Henry first worked as a prescription clerk in a firm of pharmaceutical chemists but he soon moved to Philadelphia, where he attended evening classes and acquired a college degree in pharmacy. From there he went to New York where he became a very successful salesman for a large pharmaceutical firm. He also published papers in pharmacy journals and acquired a taste for travelling which he never lost. He was now earning good money, but he was also supporting the family left in Garden City. So when it came to paying his share of a partnership, he could only raise £400 in cash and had to borrow, at high interest, from Burroughs.

Burroughs was the London representative of a Philadelphia firm which specialised in "compressed medicine tablets". He had the right to sell these tablets in any country except America and was anxious to travel in search of new markets. He therefore needed a partner and could afford to offset his partner's lack of capital against the fact that, before leaving New York, Wellcome had obtained similar selling rights for other American drugs.

With Burroughs abroad most of the time before 1886, it was possible for Wellcome to develop both his marketing genius and other social and scientific interests. He was soon collecting rare medical books and artefacts, and making friends in high places by joining the right clubs, giving generous support to good causes and providing the lavish banquets which helped to make "Burroughs Wellcome" a household name. On one such occasion he presented the explorer, Henry Stanley, with "nine beautiful Chests replete with every medicament necessary to combat the epidemic disease peculiar to Africa", and he soon numbered among his friends such famous persons as Joseph Lister, Patrick Manson and Oscar Wilde.

By 1882 Wellcome had managed to buy the machinery needed for making compressed medicine tablets and obtain the right to sell, in Britain, both his own and imported tablets. He also kept rival firms at bay by inventing the word "tabloid" and registering it as a comprehensive name for all Burroughs Wellcome products. The two partners often quarrelled but after Burroughs's death, in 1895, Wellcome had sole charge of a highly successful and rapidly expanding firm. He soon became a millionaire and before long he could boast that he had rendered good service to his adopted country during the Boer War and the Kaiser's War, and had been a means of several British scientists becoming Nobel laureates.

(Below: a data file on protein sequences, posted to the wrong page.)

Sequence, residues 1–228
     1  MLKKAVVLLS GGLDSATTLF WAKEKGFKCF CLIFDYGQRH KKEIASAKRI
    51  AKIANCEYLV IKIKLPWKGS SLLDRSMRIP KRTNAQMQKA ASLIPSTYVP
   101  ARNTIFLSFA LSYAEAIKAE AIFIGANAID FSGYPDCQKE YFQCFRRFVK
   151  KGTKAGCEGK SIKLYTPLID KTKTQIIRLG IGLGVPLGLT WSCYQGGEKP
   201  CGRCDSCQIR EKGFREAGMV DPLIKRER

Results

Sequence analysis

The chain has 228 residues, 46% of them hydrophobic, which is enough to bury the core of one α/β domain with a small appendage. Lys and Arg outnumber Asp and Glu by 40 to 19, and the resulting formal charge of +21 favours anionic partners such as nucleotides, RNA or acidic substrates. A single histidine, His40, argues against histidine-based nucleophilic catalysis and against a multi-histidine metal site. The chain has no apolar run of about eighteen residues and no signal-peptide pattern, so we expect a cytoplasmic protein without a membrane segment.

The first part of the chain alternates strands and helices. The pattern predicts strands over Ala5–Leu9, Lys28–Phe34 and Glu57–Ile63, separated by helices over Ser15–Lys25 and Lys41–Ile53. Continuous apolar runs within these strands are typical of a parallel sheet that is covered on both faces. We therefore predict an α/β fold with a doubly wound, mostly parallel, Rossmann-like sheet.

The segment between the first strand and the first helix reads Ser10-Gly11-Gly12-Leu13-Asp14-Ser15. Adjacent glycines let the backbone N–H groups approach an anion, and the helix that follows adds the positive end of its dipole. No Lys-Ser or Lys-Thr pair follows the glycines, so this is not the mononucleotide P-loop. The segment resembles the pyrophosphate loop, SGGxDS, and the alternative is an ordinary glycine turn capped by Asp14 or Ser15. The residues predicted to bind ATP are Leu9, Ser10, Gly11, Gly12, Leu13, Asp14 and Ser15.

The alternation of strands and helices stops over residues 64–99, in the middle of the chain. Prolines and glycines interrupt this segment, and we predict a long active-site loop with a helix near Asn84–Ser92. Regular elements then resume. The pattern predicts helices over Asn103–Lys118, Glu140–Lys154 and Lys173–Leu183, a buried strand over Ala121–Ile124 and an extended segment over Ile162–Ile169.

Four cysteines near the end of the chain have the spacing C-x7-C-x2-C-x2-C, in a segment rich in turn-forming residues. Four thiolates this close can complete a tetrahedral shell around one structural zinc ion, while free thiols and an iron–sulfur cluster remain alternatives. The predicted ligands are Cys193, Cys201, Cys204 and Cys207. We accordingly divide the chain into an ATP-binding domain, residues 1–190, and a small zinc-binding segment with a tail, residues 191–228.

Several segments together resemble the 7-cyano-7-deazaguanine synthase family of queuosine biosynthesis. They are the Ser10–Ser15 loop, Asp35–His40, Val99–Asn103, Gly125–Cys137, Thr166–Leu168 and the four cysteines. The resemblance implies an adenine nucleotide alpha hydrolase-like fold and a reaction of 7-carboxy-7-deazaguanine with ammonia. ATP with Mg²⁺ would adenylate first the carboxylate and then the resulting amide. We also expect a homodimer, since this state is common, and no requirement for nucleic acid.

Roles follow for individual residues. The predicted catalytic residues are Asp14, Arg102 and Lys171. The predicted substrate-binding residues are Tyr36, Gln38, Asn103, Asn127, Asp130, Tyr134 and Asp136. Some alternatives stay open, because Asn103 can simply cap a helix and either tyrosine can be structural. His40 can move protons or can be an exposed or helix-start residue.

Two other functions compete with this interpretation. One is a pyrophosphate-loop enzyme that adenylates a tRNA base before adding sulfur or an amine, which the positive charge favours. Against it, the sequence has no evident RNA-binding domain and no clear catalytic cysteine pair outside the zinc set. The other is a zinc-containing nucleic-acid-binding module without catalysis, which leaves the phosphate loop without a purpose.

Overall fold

Wellcome's private life was less successful. A relatively late marriage to a much younger woman ended in divorce, and dyslectic problems prevented his only son from sharing his business and scientific interests. By the time he was 50, Wellcome was no longer "gregarious and outgoing". But he continued to take an interest in African affairs and, when Lord Kitchener appealed for funds to found a college in Khartoum, Wellcome offered "to donate a complete medical equipment and stock for the Dispensary in connection with the College". The principal outcome of this gesture was the famous Wellcome Tropical Research Institute (since destroyed by the Sudanese government), but it also led to Wellcome visiting a nearby archaeological dig where he conceived the idea that it only needed his help to reveal a prehistoric site of great antiquity. This hunch proved wrong, but not before Wellcome had sent to Britain boatloads of artefacts deemed to be of little value by archaeologists. Similar activities in Palestine, where he was content to work under the direction of experts, were more successful, but by this time Wellcome was suffering from cancer and had less than four years to live. His funeral service was held at Golders Green Crematorium, and it was not until much later (1987) that his ashes were buried in the churchyard of St Paul's Cathedral, and a plaque to his memory placed beside one for Alexander Fleming.

In a scholarly book, packed full of interesting anecdotes, Rhodes James has displayed many sides of Wellcome's intriguing personality. But it is shocking to discover that a man who did so much for British scientists (and so much for Britain in time of need) was not only overlooked by two generations of biographers, but was over 70 before he was given an honorary degree by any British university, and had to wait even longer before receiving a knighthood.

Alice Stewart is senior research fellow, department of epidemiology, University of Birmingham.

Henry Wellcome

Author - Robert Rhodes James
ISBN - 0 340 60617 7
Publisher - Hodder and Stoughton
Price - £25.00
Pages - 422